According to the UN, women are disadvantaged in two ways: “Not only do they sustain direct damages or production losses (housing and means of production), but they also . . . lose income when they have to apply themselves temporarily to unpaid emergency tasks and an increased amount of unpaid reproductive work, such as caring for their children when schools are closed . . . Such reproductive work is usually granted a lower status than paid work . . . . It is also a continuous job . . . which limits women’s mobility and can sometimes even prevent them from exercising their rights as citizens.”

In the meantime, research by the World Health Organization revealed that women and children account for more than 75 percent of displaced persons in the aftermath of calamities.

“In addition to the general effects of natural disasters and lack of health care, women are vulnerable to reproductive and sexual health problems, and increased rates of sexual and domestic violence. Moreover, gender roles dictate that women become the primary caretakers for those affected by disasters – including children, the injured and sick, and the elderly – substantially increasing their emotional and material work load. Women’s vulnerability is further increased by the loss of men and/or livelihoods, especially when a male head of household has died and the women must provide for their families. Post disaster stress symptoms are often but not universally reported more frequently by women than men,” it said.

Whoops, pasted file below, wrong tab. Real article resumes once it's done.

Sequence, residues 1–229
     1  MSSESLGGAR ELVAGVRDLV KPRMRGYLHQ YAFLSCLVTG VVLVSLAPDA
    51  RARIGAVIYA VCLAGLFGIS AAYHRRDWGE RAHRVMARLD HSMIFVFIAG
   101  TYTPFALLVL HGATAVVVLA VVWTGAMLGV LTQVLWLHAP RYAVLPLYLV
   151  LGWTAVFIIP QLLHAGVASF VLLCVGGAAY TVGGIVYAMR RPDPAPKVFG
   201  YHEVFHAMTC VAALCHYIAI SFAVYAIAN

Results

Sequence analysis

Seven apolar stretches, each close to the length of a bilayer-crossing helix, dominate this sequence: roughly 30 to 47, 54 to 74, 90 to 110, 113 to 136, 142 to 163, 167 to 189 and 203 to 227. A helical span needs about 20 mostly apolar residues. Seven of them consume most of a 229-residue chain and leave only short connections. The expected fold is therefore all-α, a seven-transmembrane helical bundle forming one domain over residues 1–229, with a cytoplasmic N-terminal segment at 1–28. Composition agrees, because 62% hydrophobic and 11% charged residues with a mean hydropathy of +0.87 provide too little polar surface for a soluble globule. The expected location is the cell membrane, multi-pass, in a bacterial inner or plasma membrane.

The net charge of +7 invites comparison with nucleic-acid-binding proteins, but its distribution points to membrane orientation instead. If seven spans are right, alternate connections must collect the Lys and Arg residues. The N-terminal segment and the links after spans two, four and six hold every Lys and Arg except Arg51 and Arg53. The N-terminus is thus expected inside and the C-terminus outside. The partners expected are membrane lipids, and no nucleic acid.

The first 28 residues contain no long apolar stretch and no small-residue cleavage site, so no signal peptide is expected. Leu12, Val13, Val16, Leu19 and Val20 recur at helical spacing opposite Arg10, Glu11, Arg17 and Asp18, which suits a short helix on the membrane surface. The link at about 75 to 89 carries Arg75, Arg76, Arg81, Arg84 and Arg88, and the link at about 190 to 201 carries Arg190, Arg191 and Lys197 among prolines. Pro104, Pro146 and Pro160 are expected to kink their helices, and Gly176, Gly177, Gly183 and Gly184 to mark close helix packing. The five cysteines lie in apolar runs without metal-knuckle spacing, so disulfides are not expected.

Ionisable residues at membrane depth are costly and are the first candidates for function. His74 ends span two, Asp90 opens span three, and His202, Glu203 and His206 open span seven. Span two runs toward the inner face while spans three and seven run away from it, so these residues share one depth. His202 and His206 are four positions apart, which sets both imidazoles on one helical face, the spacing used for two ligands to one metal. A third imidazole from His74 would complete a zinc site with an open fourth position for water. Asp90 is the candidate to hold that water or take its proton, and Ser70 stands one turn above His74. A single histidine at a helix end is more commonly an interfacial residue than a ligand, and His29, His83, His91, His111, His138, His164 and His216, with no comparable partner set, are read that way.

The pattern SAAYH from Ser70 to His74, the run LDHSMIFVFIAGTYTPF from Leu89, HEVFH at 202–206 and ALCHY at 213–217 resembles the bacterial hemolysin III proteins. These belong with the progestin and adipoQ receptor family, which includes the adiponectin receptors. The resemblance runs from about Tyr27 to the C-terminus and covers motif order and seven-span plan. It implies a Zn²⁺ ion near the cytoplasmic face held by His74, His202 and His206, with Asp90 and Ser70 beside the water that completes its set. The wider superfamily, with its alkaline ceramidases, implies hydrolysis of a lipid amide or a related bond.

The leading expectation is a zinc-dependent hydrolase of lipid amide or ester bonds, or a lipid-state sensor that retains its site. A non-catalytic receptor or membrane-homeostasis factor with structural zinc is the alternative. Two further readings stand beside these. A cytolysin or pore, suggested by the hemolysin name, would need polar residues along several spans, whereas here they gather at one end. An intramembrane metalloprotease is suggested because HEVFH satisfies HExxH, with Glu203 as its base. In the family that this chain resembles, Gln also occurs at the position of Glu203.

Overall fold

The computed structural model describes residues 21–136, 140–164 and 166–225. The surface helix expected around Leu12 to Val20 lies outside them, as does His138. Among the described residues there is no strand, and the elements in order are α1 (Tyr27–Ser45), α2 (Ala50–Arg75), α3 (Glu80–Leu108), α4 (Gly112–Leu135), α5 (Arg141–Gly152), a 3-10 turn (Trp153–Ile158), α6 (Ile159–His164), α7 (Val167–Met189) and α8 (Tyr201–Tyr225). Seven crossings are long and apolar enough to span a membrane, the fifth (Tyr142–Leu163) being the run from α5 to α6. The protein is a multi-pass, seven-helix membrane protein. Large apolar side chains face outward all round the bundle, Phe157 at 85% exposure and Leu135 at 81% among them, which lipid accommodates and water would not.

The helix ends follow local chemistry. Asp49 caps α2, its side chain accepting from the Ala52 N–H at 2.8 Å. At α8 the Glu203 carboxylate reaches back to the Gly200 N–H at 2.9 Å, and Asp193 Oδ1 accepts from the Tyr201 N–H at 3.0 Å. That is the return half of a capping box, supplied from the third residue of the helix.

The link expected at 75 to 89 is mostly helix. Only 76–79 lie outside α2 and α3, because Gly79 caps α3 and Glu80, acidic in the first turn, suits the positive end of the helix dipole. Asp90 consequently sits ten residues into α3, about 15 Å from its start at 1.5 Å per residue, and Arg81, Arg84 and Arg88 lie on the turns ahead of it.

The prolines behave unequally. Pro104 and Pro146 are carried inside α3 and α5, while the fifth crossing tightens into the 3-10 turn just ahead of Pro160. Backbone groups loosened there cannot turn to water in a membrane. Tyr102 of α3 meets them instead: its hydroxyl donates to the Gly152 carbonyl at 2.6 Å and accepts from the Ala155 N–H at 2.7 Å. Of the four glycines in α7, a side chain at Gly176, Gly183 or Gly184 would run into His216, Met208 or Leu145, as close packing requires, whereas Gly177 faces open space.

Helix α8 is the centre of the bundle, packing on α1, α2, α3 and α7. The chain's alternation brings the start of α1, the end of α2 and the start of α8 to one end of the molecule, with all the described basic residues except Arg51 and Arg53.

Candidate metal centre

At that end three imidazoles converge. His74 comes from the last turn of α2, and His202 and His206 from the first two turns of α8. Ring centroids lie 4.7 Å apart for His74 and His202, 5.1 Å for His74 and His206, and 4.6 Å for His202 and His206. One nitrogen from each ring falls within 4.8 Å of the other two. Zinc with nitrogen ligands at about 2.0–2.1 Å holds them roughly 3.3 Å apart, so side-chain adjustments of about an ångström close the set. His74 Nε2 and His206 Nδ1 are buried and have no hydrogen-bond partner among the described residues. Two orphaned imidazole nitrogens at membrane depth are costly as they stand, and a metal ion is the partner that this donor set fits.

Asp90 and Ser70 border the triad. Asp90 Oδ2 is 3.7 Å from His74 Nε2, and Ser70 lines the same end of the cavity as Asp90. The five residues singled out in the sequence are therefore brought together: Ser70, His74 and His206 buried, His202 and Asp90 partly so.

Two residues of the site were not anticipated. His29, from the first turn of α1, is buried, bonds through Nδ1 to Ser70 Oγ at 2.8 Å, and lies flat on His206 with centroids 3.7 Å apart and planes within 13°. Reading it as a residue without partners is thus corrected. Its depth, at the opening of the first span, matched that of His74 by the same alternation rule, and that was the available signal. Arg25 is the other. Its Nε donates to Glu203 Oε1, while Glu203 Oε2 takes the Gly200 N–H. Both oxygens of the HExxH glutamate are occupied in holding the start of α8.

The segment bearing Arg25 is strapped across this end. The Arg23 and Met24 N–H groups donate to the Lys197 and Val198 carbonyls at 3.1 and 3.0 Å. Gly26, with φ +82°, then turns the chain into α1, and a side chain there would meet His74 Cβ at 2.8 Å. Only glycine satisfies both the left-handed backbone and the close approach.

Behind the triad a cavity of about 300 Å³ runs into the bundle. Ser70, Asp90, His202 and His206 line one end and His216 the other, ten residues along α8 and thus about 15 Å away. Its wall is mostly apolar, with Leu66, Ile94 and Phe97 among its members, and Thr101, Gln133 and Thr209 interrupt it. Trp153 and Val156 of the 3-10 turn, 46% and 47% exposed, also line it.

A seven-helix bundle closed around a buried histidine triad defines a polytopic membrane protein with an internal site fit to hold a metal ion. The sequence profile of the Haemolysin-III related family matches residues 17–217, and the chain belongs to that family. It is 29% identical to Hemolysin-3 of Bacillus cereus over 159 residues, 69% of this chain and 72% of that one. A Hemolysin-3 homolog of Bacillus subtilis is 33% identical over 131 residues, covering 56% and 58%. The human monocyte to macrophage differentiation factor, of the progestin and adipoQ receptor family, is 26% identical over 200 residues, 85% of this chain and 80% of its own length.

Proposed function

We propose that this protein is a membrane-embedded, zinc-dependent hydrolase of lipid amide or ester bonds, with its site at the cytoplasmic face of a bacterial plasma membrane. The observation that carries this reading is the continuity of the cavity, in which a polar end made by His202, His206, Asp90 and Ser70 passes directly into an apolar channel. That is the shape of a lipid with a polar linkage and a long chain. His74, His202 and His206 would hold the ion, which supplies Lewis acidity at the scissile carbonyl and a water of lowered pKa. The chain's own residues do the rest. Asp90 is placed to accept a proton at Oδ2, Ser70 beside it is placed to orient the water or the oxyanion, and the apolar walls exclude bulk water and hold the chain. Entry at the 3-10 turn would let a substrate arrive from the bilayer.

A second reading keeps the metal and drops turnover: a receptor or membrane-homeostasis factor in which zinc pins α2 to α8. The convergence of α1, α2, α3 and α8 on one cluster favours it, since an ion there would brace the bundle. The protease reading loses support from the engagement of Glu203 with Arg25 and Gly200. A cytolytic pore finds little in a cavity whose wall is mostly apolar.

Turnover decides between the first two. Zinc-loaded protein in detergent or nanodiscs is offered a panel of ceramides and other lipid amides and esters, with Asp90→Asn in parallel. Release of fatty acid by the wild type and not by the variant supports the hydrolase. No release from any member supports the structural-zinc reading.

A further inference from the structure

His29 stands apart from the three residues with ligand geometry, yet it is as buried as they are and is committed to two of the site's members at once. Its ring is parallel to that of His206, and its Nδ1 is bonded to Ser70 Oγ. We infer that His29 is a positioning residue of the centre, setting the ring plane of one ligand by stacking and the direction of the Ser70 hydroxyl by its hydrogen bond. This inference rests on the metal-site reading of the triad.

The UN Environment Programme (UNEP) in its own study said that from 1999 to 2008, floods affected almost one billion people in Asia, 28 million in the Americas, 22 million in Africa and four million in Europe. (https://www.bulatlat.com)